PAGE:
The Jackbox Party Pack

9.1 Overall Score
Graphics: 8/10
Gameplay: 8/10
Replay Value: 10/10

Stellar offerings such as Fibbage, Drawful and YDKJ will kick up any party to 11...

Stinkers like Word Spud and Lie Swatter can drag momentum to a standstill

The Jackbox Party Pack is easily one of the best $25 you can spend this holiday season, especially if you’ll be entertaining a houseful of family and/or friends. That being said, it’s also mired down by a couple rocks that keep it from soaring (I’m looking at you, Word Spud). Even still, considering that each of the six games in the set retail for ~$6.99, getting the whole shebang for $20 isn’t too shabby.

“Stacks on stacks on stacks.”

What’s better is that most of the games are either fully explained each go ’round, or are easy enough to explain to people in a couple sentences during the loading sequences. Add to that, each title features integration via mobile phone (through the servers), so literally everybody has a way to play–so long as they have a smartphone capable of accessing the internet. This alone is one of the most innovative features in any party game I’ve ever played, and coupled with the two most addictive games in the set, Fibbage and Drawful, the worst thing you’ll have to worry about is keeping your phone’s battery alive.


Fibbage is 2-8 player game, that’s a combination of lying, outwitting or just plain knowing more than your opponents. You’re given a sentence or phrase with a blank space, and your job is to fill it convincingly with a lie that people will guess. It manages to have that “Cards Against Humanity” feeling, only with the bonus of literally being able to enter whatever you want, to try to win everyone over. You can also give “thumbs up” to people for their entries on the backend, which gives them a little nod at the end of the game.

My money’s on “sentient tablet”.

Drawful is designed for 3-8 players, and basically functions like a “Pictionary” for terrible people; that is, at the beginning of each round, each player will be given a word or phrase, and will have ~1 minute to roughly sketch the description on their phone or tablet. Once all drawings are in, it will ramdomize the order, and give each player a chance to guess the title, then put all guesses (as well as the real one) on the screen for points, and will continue for ~3 rounds.

Tricksy…very tricksy.

You Don’t Know Jack, the game’s flagship title, is for 1-4 players, and is arguably the most entertaining–if only for the writing. Players will compete across a massive variety of trivia challenges, including trying to suss out what a puppet with a speech impediment is saying, to putting a list of ridiculous items into cohesive order. Unfortunately, the max amount of players allowed is four, which means some people may be shut out in the cold; of course, you could make it into a team game…if you were so inclined.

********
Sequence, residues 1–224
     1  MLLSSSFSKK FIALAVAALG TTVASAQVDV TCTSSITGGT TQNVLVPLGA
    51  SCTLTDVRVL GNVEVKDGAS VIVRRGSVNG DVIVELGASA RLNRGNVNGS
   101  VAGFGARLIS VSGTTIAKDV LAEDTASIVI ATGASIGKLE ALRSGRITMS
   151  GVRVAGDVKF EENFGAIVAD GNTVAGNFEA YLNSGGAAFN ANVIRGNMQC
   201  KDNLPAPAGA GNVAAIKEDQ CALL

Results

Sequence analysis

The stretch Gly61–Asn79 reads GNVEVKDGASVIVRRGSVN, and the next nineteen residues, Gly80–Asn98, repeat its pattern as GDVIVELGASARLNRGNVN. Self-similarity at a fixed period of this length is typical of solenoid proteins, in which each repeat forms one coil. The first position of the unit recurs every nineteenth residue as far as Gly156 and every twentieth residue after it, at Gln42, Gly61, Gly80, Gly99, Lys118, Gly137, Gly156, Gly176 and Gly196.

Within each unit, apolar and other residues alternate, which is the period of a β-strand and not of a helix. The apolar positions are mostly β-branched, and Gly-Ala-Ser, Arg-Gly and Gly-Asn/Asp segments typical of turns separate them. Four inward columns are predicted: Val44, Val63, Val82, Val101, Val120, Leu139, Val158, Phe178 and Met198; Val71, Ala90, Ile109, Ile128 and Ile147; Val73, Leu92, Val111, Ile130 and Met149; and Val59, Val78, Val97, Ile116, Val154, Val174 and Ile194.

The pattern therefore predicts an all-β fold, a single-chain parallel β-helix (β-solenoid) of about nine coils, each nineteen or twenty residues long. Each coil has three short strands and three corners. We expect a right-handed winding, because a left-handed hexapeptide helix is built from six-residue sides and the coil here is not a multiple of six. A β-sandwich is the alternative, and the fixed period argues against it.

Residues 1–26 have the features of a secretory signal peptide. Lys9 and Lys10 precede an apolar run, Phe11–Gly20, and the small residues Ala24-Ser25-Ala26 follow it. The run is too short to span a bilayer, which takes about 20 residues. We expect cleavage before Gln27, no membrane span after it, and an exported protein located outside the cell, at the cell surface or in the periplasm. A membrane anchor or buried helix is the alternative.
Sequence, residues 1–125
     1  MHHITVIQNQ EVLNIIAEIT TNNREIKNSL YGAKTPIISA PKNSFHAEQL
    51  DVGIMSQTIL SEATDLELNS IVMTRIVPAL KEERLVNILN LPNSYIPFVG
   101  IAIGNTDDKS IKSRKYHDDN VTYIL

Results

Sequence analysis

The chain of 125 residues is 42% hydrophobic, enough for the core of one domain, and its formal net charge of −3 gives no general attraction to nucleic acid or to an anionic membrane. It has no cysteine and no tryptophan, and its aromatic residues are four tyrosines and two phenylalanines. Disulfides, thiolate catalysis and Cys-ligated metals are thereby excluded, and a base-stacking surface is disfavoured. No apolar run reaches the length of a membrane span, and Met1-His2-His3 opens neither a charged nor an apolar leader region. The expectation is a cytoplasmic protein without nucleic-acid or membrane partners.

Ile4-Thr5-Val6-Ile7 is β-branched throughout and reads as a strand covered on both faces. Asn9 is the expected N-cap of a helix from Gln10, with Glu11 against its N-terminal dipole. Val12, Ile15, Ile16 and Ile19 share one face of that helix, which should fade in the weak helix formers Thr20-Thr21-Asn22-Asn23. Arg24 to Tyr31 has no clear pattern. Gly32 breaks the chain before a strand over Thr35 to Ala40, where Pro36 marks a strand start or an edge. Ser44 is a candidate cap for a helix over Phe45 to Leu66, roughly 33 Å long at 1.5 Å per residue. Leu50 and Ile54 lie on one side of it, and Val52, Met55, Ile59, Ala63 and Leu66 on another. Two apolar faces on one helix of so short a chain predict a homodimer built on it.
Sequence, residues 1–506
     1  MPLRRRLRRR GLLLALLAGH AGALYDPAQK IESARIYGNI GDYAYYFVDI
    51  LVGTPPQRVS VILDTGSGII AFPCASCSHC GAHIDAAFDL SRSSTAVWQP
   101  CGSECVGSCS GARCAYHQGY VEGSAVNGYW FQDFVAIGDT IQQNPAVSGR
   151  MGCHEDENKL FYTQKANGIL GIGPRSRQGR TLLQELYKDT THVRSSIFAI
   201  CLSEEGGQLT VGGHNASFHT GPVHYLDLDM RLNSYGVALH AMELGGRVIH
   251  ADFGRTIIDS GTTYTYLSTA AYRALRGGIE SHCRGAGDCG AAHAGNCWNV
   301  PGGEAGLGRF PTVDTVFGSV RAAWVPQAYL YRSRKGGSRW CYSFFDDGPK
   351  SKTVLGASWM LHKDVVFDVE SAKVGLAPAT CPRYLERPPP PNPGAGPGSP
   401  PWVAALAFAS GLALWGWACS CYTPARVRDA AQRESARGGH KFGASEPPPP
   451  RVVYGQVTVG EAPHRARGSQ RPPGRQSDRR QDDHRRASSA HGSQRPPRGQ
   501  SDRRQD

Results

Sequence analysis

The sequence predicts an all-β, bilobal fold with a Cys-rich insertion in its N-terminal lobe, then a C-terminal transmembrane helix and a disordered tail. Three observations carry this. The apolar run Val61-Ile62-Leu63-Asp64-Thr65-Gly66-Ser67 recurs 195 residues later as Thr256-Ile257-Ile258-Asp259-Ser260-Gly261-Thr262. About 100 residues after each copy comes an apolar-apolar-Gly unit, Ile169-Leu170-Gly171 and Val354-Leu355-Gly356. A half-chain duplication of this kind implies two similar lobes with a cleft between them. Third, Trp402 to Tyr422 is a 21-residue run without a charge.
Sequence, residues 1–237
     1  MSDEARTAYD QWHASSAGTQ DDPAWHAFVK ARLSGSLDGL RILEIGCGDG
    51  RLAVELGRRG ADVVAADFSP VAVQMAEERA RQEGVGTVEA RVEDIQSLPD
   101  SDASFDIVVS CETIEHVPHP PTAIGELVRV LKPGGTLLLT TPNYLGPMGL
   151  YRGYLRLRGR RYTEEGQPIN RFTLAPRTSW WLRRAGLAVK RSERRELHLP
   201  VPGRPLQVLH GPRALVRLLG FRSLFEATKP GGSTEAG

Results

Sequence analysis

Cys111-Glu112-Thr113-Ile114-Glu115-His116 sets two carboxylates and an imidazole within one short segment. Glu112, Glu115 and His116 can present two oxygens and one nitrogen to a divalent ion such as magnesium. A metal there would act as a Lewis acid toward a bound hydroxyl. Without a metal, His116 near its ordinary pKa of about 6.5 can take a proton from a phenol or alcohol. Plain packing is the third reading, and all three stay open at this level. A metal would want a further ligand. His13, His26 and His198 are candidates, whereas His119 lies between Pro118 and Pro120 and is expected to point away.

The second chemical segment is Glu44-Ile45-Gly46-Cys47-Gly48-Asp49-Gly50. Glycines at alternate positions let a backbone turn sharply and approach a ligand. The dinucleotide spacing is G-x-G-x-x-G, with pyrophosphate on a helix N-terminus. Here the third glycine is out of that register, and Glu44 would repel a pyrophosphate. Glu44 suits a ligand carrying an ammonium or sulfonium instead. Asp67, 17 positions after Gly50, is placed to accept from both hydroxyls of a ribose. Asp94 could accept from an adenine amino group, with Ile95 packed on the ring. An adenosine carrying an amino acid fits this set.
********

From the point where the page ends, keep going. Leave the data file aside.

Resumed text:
You Don’t Know Jack is also the most antagonistic of the titles, thanks to the golden screw. At the beginning of a new game, each player is given a golden screw, which can be used to “screw” another player during any regular challenge question, essentially betting that the “screwed” player doesn’t know the answer. If the player answers wrong, the “screwer” gets bonus money; if they answer correctly, the “screwed” player gets money while the “screwer” loses money.

Interesting…but ultimately, unfulfilling.

Lie Swatter is designed for 1-99 people (no, really) and it’s essentially a twich-pick game where you try to figure out whether a ludicrous statement is truth, or a lie. It’s a quick, albeit uninspired game, but works well as a palate cleanser between intense games of the above three.

The last (and, arguably, least) of the pack is Word Spud; a bizarre, non-competitive word game that feels one part magnetic fridge poetry and the other part dull and uninspired.  Redditor Z0oinks explains:

A word shows up, lets say “magic” is the word. Then, a person has to come up with a phrase or sentence that starts with “magic” that the other players would like, since score is based completely on likes/dislikes of what you say. Let’s say you play the phrase “[magic] school bus”- if at least one person likes your answer, the next phrase will have to start with “bus”. If everyone hates your answer, a random word will be chosen.

There’s ZERO competitive aspect to it, so it comes across more like a lazy programmer getting you to dump words together into a goofy, unimpressive stew.

Even with those two bombs, the other three more than make up for the shortcomings, and are virtually guaranteed to become staples at your next party. Plus, with the phone connectivity, you’ll never have to worry about coming up with extra controllers–just be sure to have a charger (or six!) nearby.




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Author: Mick View all posts by

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